BEIJING: At least 13 people were killed when a 6.5-magnitude earthquake struck southwestern China, authorities said Wednesday, but the toll was expected to climb as news trickles out of the remote mountainous region.
Aftershocks shuddered across the quake-prone province of Sichuan, adding to the anxiety of victims, with the most powerful reaching a magnitude of 4.8 on Wednesday.
Images emerging from the quake zone showed cars and buses tossed into ravines or smashed by giant boulders apparently jolted loose from surrounding hills, while uniformed paramilitary police with shovels were pictured digging through rubble for victims.
The earthquake hit late Tuesday, killing 13 and injuring 175, 28 of them seriously, according to a statement by the government of Aba prefecture, where the epicenter was located.
Aid organizations warned that it will take time before a clear picture of the scale of the disaster comes into focus due to the area’s difficulty geography.
China’s National Commission for Disaster Reduction estimated that as many as 100 people may have perished, based on past census data of the sparsely populated region, and that tens of thousands of homes may have been damaged.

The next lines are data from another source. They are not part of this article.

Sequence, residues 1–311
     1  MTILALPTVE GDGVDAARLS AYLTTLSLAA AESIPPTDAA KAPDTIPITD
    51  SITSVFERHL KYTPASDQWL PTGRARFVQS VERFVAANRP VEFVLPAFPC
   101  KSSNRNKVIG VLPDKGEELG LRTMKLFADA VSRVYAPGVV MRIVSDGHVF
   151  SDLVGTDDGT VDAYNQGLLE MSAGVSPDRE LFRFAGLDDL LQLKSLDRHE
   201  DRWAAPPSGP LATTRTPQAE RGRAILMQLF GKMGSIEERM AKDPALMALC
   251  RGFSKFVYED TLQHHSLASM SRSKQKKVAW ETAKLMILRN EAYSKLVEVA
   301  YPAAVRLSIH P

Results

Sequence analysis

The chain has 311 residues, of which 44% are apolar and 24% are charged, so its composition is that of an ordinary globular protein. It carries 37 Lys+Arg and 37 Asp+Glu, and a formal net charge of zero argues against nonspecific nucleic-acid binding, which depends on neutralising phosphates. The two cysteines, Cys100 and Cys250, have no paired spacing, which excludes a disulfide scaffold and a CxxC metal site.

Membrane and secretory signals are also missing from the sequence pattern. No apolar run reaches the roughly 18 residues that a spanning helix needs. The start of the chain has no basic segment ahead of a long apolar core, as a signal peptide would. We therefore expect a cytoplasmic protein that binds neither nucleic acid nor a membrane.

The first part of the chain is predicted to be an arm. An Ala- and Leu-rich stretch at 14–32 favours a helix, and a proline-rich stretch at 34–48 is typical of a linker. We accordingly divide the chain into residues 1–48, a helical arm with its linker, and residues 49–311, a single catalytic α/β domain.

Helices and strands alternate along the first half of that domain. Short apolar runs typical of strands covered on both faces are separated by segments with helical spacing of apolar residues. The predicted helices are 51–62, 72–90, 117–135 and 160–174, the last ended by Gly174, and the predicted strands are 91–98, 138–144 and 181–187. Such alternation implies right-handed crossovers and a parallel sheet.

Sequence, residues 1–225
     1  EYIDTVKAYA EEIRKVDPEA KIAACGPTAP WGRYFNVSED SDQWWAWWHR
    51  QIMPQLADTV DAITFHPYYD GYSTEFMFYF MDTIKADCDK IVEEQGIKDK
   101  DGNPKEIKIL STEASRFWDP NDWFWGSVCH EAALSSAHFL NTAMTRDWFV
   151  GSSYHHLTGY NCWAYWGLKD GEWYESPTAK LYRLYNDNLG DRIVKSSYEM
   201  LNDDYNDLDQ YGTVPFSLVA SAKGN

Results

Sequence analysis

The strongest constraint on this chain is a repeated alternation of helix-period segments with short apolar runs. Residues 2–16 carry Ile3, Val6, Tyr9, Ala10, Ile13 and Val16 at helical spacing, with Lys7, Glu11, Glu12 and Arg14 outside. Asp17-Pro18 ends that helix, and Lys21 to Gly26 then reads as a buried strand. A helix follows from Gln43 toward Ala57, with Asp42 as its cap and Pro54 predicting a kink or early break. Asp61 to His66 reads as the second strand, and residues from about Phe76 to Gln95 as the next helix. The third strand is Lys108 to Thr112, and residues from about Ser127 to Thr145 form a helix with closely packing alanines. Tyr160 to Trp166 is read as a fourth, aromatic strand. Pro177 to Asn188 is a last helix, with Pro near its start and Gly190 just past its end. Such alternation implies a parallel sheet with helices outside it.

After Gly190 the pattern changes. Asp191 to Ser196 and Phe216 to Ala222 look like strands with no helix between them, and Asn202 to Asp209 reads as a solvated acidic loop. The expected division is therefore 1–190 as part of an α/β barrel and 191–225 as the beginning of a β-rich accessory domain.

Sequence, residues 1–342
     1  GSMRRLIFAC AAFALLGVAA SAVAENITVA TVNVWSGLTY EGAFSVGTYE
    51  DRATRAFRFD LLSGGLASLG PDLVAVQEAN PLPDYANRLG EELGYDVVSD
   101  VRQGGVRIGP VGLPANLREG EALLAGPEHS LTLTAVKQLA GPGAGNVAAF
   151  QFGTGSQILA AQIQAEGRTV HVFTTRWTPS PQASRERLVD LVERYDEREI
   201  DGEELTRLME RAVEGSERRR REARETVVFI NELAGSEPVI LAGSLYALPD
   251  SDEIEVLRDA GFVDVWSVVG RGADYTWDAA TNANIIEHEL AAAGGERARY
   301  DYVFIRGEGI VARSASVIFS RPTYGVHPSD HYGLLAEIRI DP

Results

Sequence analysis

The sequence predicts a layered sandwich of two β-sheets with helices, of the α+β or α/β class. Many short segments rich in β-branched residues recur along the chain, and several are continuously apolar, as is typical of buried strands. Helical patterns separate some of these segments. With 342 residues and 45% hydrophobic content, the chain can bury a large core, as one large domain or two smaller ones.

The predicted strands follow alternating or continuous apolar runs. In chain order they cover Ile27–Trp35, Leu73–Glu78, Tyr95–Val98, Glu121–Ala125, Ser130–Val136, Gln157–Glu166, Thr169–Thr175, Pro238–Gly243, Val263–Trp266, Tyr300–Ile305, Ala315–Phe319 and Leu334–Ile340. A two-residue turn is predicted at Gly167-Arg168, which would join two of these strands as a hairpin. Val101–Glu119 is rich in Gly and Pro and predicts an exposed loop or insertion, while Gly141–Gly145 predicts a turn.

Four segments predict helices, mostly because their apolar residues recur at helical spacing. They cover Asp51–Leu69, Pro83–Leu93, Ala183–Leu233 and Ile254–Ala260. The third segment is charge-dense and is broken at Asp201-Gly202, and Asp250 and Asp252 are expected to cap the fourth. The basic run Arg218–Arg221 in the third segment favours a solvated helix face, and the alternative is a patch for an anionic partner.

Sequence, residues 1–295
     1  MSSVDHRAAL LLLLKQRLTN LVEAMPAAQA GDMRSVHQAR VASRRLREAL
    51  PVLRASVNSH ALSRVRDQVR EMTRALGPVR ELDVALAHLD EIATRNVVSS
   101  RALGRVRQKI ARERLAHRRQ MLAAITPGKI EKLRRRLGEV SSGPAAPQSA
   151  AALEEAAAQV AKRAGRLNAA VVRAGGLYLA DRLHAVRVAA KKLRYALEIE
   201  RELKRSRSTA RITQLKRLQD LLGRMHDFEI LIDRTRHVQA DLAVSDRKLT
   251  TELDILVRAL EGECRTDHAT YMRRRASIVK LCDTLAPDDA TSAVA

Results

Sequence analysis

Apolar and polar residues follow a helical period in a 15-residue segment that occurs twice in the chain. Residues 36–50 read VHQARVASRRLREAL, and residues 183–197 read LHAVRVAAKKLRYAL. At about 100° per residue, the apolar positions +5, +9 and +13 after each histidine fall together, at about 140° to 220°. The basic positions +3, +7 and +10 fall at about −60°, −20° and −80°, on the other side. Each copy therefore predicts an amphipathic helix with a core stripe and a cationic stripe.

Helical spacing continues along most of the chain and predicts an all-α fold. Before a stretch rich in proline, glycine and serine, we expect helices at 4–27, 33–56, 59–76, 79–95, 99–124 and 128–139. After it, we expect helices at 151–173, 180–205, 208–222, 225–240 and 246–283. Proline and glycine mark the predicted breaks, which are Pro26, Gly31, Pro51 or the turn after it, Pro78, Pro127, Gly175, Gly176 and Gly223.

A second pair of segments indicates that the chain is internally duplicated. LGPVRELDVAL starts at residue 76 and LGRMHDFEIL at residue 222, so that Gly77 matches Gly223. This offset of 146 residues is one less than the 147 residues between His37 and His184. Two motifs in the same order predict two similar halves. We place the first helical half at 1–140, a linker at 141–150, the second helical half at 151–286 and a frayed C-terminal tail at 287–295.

Pictures circulating on social media showed stunned people milling about on debris-strewn streets, fearful of going back inside as more than 1,000 aftershocks were detected, according to China’s official earthquake monitoring agency.
Yet another sparsely populated part of China was rocked by a strong quake Wednesday morning.
The 6.3-magnitude tremor shook northwestern Xinjiang region, more than 2,000 kilometers (1,200 miles) from Sichuan, according to the USGS, and was followed by local aftershocks of 5.2 and 5.3 magnitude.
At least three people there were injured when their home collapsed, official Xinhua news agency said, adding that the initial Xinjiang quake was felt as far away as the regional capital Urumqi more than 200 kilometers to the east.